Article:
For Te Kawerau ā Maki who are the mana whenua of Waitākere, the death of our forest is an existential threat. It would also see the loss of a nationally significant taonga (treasure) for the people of New Zealand.
The Waitākere Ranges Heritage Area Act (2008) directs the Government and Auckland Council to ensure the protection and enhancement of the Waitākere Ranges Heritage Area. Te Tiriti o Waitangi requires the Government to protect tangata whenua and our taonga.
Although the Government and Auckland Council will not assist us with the closure now, it is hoped they will assist in the future.
The health of the forest is reaching an ecological tipping point, and Te Kawerau ā Maki will act to protect the forest for future generations.
Te Kawerau ā Maki subsequently have decided to place a rāhui (customary prohibition) over the Waitākere forest to prevent and control human access until effective and appropriate research, planning and remedial work is completed to ensure the risks are neutralised or controlled.
The rāhui has been laid over the Waitākere forest itself (the ‘ecological catchment’) to quarantine or prevent human access. As a matter of tikanga (customs), the purpose of the rāhui is to enable the environment to recuperate and regenerate without the presence and impacts of humans. Its purpose is both physical and spiritual protection. The placement of a rāhui in this situation is focused on the forest (kauri ecology), and is not limited or constrained by infrastructure or property boundaries. As the forest is more than simply the Waitākere Ranges Regional Park, the rāhui will extend beyond the park boundaries.
The Waitākere Ranges Heritage Area is the approximate boundary of the rāhui for two reasons: (1) the Waitākere forest can largely be captured within this boundary, and (2) the WRHAA provides legislative support for the protection objectives of the rāhui. In addition to the WRHA Goldies Bush is included in the rāhui area as it is part of the forest.
In acknowledgement of the distribution of the forest and complexities of landuse, the rāhui takes a pragmatic approach. Within the rāhui area public access to parks will be completely prohibited. Access will not be restricted to: (1) beaches (nor open spaces adjacent to beaches), (2) the Arataki Visitors Centre, (3) public roads, or (4) private property.
The rāhui will cover areas of private property that fall within and are inseparable from the forest, but will not impact upon any private property rights or uses. It is hoped that property owners within the rāhui area will understand and respect the rāhui and be empowered to act as part of and guardians to the forest. In essence we want to work in partnership and collaboration with property owners to ensure that the threat of kauri dieback is contained and managed within their individual properties to help safeguard the whole.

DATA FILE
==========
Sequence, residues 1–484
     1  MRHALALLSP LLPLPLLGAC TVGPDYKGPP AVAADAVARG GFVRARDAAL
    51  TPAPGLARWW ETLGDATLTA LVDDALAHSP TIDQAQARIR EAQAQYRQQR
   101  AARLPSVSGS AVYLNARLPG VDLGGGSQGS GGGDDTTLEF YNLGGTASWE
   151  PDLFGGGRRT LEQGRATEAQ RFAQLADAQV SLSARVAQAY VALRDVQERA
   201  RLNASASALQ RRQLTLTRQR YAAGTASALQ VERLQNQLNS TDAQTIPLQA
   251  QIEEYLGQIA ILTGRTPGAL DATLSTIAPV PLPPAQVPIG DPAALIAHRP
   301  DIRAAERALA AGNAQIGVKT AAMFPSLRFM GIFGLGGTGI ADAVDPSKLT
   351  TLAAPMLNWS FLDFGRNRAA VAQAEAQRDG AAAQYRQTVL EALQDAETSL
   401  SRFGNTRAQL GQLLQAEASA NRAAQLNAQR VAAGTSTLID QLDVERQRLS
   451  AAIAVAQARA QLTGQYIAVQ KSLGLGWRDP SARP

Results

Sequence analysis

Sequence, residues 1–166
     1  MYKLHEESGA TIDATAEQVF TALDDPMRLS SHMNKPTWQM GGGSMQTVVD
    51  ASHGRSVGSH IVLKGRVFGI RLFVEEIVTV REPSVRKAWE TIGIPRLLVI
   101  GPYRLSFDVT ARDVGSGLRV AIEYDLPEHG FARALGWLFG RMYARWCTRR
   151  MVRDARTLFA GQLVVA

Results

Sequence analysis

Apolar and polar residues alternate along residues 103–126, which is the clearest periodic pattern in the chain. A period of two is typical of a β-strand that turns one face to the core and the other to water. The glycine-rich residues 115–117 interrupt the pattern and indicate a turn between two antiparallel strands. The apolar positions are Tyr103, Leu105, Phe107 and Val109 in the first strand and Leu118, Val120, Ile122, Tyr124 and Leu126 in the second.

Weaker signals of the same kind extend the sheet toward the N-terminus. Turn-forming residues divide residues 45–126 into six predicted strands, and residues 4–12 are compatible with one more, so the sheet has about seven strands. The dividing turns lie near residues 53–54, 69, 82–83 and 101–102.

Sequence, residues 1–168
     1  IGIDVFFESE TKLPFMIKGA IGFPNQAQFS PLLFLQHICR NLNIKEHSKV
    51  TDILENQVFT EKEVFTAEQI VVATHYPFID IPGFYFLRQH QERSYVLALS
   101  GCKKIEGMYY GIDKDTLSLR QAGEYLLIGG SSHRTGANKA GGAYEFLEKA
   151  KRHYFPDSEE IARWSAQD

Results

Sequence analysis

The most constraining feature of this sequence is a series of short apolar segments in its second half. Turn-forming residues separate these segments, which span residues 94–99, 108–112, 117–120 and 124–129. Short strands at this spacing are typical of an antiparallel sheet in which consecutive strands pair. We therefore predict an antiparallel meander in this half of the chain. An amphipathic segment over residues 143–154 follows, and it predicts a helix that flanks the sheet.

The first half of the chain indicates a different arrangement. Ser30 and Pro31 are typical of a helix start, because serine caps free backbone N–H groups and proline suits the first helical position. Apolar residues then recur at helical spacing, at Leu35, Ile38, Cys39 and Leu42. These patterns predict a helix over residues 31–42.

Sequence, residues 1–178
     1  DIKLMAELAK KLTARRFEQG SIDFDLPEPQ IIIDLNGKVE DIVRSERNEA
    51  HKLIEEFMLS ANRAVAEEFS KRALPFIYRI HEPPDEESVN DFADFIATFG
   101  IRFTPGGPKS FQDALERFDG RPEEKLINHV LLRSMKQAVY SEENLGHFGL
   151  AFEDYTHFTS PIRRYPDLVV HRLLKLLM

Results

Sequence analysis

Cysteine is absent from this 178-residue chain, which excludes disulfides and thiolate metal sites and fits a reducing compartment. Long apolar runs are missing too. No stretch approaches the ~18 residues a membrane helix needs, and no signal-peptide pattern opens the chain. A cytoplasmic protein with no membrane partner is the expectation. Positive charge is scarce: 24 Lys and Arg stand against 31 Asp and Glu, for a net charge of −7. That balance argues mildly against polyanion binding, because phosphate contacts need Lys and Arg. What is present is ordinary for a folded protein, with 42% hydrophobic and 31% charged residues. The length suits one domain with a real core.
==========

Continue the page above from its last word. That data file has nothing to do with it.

Waitākere forest faces many risks other than kauri dieback, not least of which are invasive weeds and pests. The management of these pests and weeds is also vital to a healthy forest, and subsequently there is a need for some form of wider pest and weed management to continue within the rāhui area. Although the rāhui is a prohibition on human presence and activity, small numbers of managed organisations whose core purpose is protecting the forest may be authorised by the iwi to continue operations in a controlled manner. This will be implemented via a ‘warrant’ system where selected partner organisations can continue controlled operations in compliance with minimum kauri dieback standards.
Why aren’t people listening?
Māori researchers Melanie Mark-Shadbolt and Dr James Ataria spoke to a number of kaumatua and kaitiaki around the North Island to discuss what can be done to protect our taonga.
Tiriwa is a celebrated ancestor of Te Kawerau ā Maki, the tangata whenua (people of the land) of West Auckland.
Te Warena Taua of Te Kawerau ā Maki, describes the feats of Tiriwa in the following passage:
“Our ancestor, the Turehu chieftain Tiriwa, lived throughout the extensive forest which once covered West Auckland, the remnant of which is now the Waitākere Ranges. It is from this ancestor that the traditional name for Waitākere, Te Wao nui a Tiriwa – the great forest of Tiriwa, comes. Tiriwa is credited with amazing feats, including the ability to walk across the land in great strides and to change the landscape. In a Te Kawerau ā Maki tradition known as ‘Te Unuhanga o Rangitoto’, Tiriwa is credited with shifting Rangitoto Island from Mercer Bay at Karekare to its present position at the entrance to the Waitemata Harbour. Tiriwa and his many feats continue to be remembered by Te Kawerau ā Maki in tradition, song and carving.”